Shaun the Sheep

The talent behind some of Britain’s best animation over the past year, including The Snail and the Whale, The Tiger Who Came to Tea, The Adventures of Paddington, and A Shaun the Sheep Movie: Farmageddon were celebrated at the British Animation Awards 2020 this week.

Held at London’s BFI Southbank, the BAAs was hosted by comedian and actor Miles Jupp who kicked off a ceremony dedicated to recognising all forms of animation and honour the achievements of the British animation scene from the past two years.

Top awards went to Sally Hawkins for her work on the animated adaptation of the Julia Donaldson and Axel Scheffler book, The Snail and the Whale, David Arnold for Best Original Music for The Tiger Who Came to Tea, and to Nick Jr for its pre-school series, The Adventures of Paddington.

Hawkins scooped up the award for Best Voice Performance for her portrayal of Snail in Snail and the Whale, Magic Light Pictures’ festive animation about a mollusc on an epic adventure.

Meanwhile there were three major awards for acclaimed studio Aardman Animations, which picked up the prestigious award for Best Long Form Animation for its hugely successful madcap caper A Shaun the Sheep Movie: Farmaggedon (directed by Will Becher and Richard Phelan), the Children’s Choice Award for an episode from its CBBC series Shaun The Sheep: Squirreled Away(directed by Carmen Bromfield-Mason), and Best Music Video for Coldplay’s “Daddy” (directed by Asa Lucanda).

Staying in the children’s TV categories, Adam Shaw and Chris Drew picked up the Best Children’s Pre-School Series award for their charming Nick Jr. series The Adventures of Paddington – which features the voice of Ben Wishaw as Paddington and a song written and performed by Gary Barlow.

Erstwhile awards and audience favourite The Amazing Adventures of Gumball added another two BAAs to its collection picking up Best Use of Sound and the Writers Award for Richard Overall, Mic Graves and Tony Hull.

Meanwhile, the Best Children’s Series was awarded to Gutsy Animations’ Sky One series Moominvalley (directed by Steve Box), which was praised by the judges for its “undeniable beauty” and “top-notch vocal performances”.

The Best Original Music Award went to multi award-winning duo David Arnold and Don Black for Lupus Films’ The Tiger Who Came to Tea.

 Some of the leading British animation courses were represented in both Best Undergraduate and Best Postgraduate Student film categories including nominees from Falmouth University School of Film and Television, University of Creative Arts in Farnham, Arts University Bournemouth and the Royal College of Arts London.

The winner of the all-female nominated Best Undergraduate Student Film category was Megan Earls from UCA, Farnham for Border/Line and the victor of the Best Postgraduate Student Film was Alex Widdowson, also from RCA, for his film Music and Clowns.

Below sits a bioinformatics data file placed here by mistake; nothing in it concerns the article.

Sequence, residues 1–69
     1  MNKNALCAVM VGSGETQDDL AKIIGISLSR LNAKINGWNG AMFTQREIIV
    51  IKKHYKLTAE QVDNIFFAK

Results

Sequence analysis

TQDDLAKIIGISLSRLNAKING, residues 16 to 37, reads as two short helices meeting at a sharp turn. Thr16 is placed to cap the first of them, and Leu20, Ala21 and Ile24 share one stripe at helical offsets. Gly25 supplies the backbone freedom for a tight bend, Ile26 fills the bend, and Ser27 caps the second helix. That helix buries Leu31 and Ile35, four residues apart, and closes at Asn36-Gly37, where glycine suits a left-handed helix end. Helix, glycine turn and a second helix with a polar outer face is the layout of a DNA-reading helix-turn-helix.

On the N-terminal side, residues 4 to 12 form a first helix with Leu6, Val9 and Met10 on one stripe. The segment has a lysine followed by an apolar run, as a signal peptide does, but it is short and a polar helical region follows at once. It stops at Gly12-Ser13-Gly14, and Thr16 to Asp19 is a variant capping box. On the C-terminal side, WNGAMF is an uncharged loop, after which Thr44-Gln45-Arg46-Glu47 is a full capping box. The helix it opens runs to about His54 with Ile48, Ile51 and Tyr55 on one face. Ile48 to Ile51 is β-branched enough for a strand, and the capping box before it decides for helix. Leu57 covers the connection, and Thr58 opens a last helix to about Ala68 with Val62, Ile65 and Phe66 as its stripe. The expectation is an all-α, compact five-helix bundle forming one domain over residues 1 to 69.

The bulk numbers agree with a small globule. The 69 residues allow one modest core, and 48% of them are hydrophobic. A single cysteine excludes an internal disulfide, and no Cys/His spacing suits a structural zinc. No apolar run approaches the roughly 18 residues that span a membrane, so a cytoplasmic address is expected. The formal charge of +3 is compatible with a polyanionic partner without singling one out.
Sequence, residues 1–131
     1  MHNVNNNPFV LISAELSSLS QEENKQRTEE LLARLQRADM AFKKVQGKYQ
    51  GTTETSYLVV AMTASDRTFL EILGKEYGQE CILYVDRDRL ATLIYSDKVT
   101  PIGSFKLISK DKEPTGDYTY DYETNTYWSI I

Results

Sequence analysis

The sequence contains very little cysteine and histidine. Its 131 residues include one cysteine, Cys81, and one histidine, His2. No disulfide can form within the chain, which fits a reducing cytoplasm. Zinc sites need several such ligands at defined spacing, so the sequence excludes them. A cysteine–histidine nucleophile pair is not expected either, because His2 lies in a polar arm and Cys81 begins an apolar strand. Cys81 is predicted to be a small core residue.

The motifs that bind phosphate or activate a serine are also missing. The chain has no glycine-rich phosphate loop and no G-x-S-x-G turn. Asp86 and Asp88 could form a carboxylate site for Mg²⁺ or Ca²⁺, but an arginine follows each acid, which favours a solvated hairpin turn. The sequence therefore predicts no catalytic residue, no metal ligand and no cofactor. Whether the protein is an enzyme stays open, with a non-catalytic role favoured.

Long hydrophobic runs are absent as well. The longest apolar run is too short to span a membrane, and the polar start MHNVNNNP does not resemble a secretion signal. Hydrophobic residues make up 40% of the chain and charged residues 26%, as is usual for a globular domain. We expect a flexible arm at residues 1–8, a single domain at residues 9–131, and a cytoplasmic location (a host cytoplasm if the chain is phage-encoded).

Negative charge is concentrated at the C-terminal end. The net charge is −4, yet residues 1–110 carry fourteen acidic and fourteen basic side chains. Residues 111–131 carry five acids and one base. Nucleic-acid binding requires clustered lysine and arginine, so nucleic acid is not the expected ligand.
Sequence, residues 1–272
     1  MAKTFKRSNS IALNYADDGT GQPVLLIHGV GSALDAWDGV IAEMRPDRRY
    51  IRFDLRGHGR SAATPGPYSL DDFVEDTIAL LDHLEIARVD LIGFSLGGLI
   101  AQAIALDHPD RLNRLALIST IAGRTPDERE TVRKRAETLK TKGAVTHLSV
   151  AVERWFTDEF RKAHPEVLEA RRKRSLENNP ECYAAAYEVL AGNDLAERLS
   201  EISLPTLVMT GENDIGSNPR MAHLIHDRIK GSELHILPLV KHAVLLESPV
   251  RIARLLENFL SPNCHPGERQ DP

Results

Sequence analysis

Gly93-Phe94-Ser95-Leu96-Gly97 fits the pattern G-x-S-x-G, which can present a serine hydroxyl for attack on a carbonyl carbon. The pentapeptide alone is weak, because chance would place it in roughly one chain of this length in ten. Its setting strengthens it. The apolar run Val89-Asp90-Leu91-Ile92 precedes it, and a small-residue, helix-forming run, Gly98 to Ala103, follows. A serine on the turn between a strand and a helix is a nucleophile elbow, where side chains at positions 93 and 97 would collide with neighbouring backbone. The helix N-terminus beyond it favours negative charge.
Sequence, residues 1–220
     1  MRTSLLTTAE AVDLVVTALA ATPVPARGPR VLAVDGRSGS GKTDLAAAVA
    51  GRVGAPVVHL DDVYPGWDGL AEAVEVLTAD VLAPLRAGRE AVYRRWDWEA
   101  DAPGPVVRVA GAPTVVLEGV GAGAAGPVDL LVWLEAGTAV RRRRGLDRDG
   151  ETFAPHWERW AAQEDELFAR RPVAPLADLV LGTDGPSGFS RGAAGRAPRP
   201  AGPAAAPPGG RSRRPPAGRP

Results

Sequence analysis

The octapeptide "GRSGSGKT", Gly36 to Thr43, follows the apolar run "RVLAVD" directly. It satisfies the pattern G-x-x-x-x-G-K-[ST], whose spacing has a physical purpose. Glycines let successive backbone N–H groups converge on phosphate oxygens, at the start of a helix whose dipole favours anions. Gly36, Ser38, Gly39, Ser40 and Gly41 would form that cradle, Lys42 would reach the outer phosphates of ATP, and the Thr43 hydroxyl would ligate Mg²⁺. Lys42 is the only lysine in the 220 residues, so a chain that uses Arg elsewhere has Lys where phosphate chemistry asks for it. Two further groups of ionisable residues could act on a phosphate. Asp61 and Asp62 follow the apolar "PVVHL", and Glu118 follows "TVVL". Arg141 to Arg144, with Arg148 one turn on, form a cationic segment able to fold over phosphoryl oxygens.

In other categories: The Best Short Film was awarded to Jonathan Hodgson for Roughhouse, which the judges described as a “masterful piece of short form storytelling”. The Best Animation in a Commercial award went to Thomas Harnett O’Meara and Matthew Day for their charming take on The Wind in the Willows for The Wildlife Trusts; The Best Film or TV Graphic, Motion Design was awarded to Second Home Studios for its “varied and imaginative idents” for DaVinci Learning.

The Best Commissioned Animation was picked up by Moth Studio for the “beautifully delicate animation” in Conception: Catie & Jen: The Best Immersive Category was won by Marshmallow Laser Feast for We Live in an Ocean of Air, which was praised for “inspiring us to think about nature in a different way”.

Finally, in a new category for 2020, the Best Social Good Award rewarded Danny Capozzi for his animation for United for Global Mental Health – New Mindset.

BAA Director, Helen Brunsdon, said: “This is my first year at the helm of the BAAs and I was blown away by the quality of the entries this year. The BAAs are a brilliant way to showcase the incredible talent we have here in the UK and help cement Britain’s position as one of the leading countries in the world for animation.”

Held every two years, the British Animation Awards (BAAs) reward the very best new and established British animators across a variety of categories including short films, animated graphics for film and television, children’s series, music videos and commercials.

The awards themselves (the BAAs) are unique artworks, featuring sheep, created especially for the occasion by a range of leading international and UK animation artists: a measure of the world-wide respect felt for British animation.

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